I like playing around with my mig welder / plasma cutter and digging everything out of our attached garage every time I wanted to make a quick weld or grind something was getting to be quite a pain in the butt. We had always dreamed of having a nice detached garage or workshop and had even purchased our house with an extra lot in hopes of building one in the future. Well, the future finally arrived in March 2012. After talking about it for years we decided it was really time to get started.




After getting estimates from four different contractors we decided on one and work was started on 4/4/12. The building construction lasted 17 days (not including weekends). I always take tons of pictures while doing my projects but I was worried about getting in the way with someone else actually doing all the work. Because of this I thought time lapse photography would be a pretty neat "project within a project". I did a little research on how to shoot the film and the initial 2.5 hour test of a basic time lapse setup yielded this little gem of a video:



I ended up using a Canon ZR-500 digital camcorder mounted on a DIY tripod and stuck it in the upstairs window looking down on the worksite. I hooked this to an old Dell desktop computer and used a shareware program called Sky Studio Pro to capture individual 720x480 images every 5 seconds. The typical 8 hour workday gave me 5,760 pictures (98,000 pictures total for the entire project) and these were rendered into 30 FPS AVI video. I ran these AVI files through Windows Movie Maker on another Dell desktop to edit out the sections that didn't have any action and then turned them into WMV files. The total movie length was around 54:30 long but was edited down to around 10 minutes in the final cut:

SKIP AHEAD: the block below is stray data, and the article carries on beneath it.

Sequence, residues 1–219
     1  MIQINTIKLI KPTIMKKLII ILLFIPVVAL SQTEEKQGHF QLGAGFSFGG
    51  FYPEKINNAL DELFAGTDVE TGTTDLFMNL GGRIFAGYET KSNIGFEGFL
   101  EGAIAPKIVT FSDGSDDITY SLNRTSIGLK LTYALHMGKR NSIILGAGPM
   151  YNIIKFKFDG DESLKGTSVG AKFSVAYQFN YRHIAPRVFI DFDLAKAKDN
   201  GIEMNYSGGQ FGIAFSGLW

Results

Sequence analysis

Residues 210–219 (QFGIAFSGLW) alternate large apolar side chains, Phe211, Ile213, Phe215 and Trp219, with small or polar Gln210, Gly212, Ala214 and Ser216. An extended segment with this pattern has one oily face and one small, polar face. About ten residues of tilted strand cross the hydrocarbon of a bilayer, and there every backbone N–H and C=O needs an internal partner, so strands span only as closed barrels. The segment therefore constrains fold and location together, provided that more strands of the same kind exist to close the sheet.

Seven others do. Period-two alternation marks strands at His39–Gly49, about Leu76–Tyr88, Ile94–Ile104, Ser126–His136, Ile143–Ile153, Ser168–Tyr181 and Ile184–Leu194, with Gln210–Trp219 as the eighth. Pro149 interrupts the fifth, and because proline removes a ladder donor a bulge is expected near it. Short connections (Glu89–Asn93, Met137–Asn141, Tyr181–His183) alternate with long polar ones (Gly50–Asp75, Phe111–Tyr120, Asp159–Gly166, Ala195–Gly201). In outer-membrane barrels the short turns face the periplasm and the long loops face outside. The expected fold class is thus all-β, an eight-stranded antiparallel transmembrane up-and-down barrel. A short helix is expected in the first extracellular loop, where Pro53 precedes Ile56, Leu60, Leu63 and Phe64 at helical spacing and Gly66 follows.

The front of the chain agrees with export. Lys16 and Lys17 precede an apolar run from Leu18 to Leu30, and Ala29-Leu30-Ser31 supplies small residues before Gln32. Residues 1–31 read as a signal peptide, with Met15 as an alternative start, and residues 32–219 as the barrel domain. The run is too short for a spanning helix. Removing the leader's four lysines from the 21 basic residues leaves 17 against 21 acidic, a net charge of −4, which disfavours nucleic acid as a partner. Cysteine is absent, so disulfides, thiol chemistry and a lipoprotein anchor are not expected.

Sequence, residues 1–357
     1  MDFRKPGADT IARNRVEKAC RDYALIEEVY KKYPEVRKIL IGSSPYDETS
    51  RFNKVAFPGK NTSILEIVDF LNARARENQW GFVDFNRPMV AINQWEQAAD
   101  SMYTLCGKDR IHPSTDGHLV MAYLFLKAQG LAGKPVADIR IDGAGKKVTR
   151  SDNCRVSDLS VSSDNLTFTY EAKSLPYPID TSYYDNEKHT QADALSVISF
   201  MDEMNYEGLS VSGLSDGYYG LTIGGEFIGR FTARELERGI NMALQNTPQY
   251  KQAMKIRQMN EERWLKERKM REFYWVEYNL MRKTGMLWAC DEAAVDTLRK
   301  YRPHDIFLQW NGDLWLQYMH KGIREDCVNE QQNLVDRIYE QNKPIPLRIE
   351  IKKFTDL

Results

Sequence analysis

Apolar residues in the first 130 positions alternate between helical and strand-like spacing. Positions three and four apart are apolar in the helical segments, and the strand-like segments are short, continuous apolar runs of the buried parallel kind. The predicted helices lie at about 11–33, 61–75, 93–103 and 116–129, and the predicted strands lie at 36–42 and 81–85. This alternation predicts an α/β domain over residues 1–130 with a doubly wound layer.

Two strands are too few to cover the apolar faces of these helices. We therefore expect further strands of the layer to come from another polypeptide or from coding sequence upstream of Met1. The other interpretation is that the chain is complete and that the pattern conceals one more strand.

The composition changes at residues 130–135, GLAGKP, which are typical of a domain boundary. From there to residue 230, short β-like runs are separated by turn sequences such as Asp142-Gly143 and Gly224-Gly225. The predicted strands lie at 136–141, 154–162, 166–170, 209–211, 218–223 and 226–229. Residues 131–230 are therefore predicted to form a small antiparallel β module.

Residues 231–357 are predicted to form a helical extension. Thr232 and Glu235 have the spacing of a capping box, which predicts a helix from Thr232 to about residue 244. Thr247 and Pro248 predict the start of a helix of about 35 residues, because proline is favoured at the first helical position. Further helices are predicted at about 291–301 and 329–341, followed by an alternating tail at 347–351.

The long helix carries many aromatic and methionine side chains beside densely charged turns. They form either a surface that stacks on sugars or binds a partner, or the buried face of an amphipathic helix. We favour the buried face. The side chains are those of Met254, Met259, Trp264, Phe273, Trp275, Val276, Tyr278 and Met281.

After a week of shooting video I came to realize that since I was only shooting the front face of the workshop there was going to be a lot of action I would miss. I figured the installation of the shingles was going to look pretty sweet on video but there was no way I could capture that with the window mounted camcorder. Since I was not using my digial camera to take pictures of the work I started looking for a way to use it to automatically capture stills. In the end I mounted my Olympus C-770 camera to a 6' ladder and hooked it to an old Toshiba laptop. I used a program called Pinetree Camera Controller to capture 640x480 pictures every 5 seconds. After ten days of shooting I had around 50,000 pictures that I ran through a freeware program called JPGs To AVI. This gave me about 30 minutes of footage that I edited down to around 4 minutes in the final cut:



So, you've seen the videos but you want more details on the build. The building is on a 4" concrete slab, has 16" centers (24" in the roof joists).

Construction costs:


$ 1,350 - Move the septic drain lines away from the build site.
$ 17,590 - Concrete, framing, hardy plank.
$ 900 - Paint
$ 350 - Lights
$ 1,850 - Garage door motors, OSB, electrical
$ 250 - Power company hook up
$ 500 - Screw gun, screws, drywall lift
-------

After the contractors left the job was only half done. The workshop stood empty and unfinished. I could not wait to move in:



I had been working out of my garage for 10 years and it was time to start moving everything over:



Even more stuff in the garage:



After spending a day getting most of the stuff moved over I figured out that it was a huge mistake to move everything before I had the interior completed. This mistake would cost me a ton of extra hours during the coming weeks:



I got my electrical permit and had the electric company dig the trench for the new line: